The editors at the Detroit Free Press and The Detroit News no doubt irritated countless readers today when they published a print edition that covered up the front page with a full-page advertisement promoting the newest shoes produced by controversial rapper Kanye West for Adidas.
A four-page wraparound enveloping Section A of both papers, front and back, with the real newspaper stuffed inside, has to represent one of the most bizarre moments in Michigan journalism history.
The front pages devoted to West’s newest Yeezy shoes (which will retail for $220) contained nothing except a nebulous photo of people wearing the sneakers and the words “We love,” printed in numerous languages, including various non-English alphabets, as a headline. The subsequent pages of the ad included the same message, over and over again, paragraph after paragraph, throughout the text.
In addition to the two Detroit publications, other major newspapers that agreed to surrender their front page to the shoe ad include the Chicago Tribune, San Francisco Chronicle, Miami Herald, New York Post and Los Angeles Times.
Unfortunately, advertising wraparounds that produce big revenues are not unique among Michigan papers in recent years. Two years ago, the Free Press yielded its front page to a four-page Chevrolet ad. In addition, “gatefold” wraparounds that block a portion of the front page have become routine among the Detroit papers and in suburban publications such as The Macomb Daily and Oakland Press.
But the extraordinarily confusing way in which today’s shoe ad was presented, likely a concept favored by the eccentric West, is simply off the charts. Without the slightest form of explanation, other than a website address for Yeezy, the advertisement was almost certainly confusing to nearly all readers of the two papers.
Accompanying news story promotes West’s career moves
The Detroit News included a short news story about the ad that, suspiciously, included several promotional details about West, husband of Kim Kardashian. The story explained that the rapper’s newest shoes are preposterously named the “triple white” Yeezy Boost 350 V2. But the news item quickly added this:
“In June, West released his eighth studio album, “Ye,” along with “Kids See Ghosts,” a collaborative album with Kid Cudi. On Sept. 29, West is due to appear as the musical guest on the season premiere of “Saturday Night Live.” The same day, he’s set to release “Yandhi,” the follow-up to “Ye.”
The Free Press also carried a story on the ad that was more mundane. But the Freep, as its known in journalism circles, also suffered quite an embarrassment today beyond the shoe ad.
For much of the day, while the only item on Page One of the printed paper was the unveiling of a new shoe, the Freep’s “Michigan Politics” web page went haywire and there seemed to be no urgency to fix it.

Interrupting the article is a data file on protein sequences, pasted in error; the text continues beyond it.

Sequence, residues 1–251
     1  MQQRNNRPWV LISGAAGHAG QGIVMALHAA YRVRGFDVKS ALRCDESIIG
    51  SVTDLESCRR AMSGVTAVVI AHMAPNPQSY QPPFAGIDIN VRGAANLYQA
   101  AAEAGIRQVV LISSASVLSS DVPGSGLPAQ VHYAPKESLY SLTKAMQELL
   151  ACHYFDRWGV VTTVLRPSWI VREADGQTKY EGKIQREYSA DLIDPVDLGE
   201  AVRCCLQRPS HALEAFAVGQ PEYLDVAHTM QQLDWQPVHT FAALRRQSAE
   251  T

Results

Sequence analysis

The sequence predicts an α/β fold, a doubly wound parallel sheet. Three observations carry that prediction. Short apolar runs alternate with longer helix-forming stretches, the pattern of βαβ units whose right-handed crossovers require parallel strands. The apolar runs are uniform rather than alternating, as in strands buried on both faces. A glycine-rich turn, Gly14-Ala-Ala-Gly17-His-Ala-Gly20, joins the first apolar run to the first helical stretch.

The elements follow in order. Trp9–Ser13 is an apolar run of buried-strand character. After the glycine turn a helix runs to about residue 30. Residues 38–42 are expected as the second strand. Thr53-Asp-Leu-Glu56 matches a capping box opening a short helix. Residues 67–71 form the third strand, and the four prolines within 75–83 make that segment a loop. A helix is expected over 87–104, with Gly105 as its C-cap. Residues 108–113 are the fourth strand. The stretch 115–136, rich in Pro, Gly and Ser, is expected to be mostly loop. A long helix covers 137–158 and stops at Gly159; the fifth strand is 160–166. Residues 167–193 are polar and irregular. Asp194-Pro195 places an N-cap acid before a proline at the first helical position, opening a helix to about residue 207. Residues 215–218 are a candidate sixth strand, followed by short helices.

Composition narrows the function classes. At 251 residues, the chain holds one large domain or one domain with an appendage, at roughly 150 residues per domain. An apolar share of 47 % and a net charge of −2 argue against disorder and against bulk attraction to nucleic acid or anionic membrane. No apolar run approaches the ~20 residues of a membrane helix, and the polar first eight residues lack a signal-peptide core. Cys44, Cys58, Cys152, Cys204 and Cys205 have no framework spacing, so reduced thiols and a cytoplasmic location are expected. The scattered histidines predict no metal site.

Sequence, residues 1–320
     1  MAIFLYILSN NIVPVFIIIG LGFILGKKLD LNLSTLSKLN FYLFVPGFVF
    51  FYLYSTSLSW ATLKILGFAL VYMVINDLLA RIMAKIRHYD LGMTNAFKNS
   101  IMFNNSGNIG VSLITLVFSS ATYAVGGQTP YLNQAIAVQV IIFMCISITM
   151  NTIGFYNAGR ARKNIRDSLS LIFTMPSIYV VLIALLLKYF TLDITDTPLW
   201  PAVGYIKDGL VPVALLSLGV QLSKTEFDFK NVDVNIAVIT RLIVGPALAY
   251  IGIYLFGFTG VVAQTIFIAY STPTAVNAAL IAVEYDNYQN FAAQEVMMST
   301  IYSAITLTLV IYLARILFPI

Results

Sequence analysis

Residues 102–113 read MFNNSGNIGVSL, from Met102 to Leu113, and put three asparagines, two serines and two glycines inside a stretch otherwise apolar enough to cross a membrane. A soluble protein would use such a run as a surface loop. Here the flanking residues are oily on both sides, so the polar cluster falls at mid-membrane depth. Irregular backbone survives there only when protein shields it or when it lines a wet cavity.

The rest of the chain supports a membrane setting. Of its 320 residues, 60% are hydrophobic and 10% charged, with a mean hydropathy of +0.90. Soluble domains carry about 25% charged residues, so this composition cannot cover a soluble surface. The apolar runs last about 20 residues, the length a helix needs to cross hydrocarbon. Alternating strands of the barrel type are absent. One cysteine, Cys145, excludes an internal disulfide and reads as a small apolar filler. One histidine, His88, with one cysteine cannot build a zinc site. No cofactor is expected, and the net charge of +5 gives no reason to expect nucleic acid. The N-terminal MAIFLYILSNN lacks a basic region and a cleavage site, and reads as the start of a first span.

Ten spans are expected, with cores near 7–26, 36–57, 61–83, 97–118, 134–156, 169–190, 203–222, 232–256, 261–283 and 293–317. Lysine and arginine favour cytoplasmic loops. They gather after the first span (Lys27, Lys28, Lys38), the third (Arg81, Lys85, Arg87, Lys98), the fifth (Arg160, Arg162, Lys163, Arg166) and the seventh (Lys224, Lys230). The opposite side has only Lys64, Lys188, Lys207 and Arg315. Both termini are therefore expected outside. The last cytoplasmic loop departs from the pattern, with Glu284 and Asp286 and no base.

All 15 of the top stories on the page dated back to before the August primary election, and most were stories published by the paper in July. If readers were not confused enough about the bizarre Yeezy front page, the online state politics page reported on candidates for U.S. Senate, Congress, state House, state Senate and attorney general who have long since been eliminated from contention via the primary elections. One story about Michigan candidates seeking congressional seats dated to December of last year.
Maybe the Freep folks should stick to putting out a timely, quality news product, in print and online, rather than engaging in money-making stunts that demean the paper just for the sake of earning a whole lot of bucks.
Bean counters in control
The Freep news story about the ad did not promote West’s latest career moves but it did suggest that the bean counters at Michigan.com, which jointly controls business operations and advertising sales at the Free Press and the News, have more control over the product than the editors and reporters who produce the news content.
Charlie Hunt, regional account executive for Michigan.com, seemed nearly giddy over the four-page ad created by Adidas and West’s company.
“The good thing is they are using newspapers to create buzz,” Hunt said, predicting that this newest gimmick would far exceed similar advertising tactics in the past. “I think there is more mystery in this one. It is going to get people to stop and look and think.”
Yes, maybe a lot of readers will stop and think: “Why am I subscribing to this newspaper?”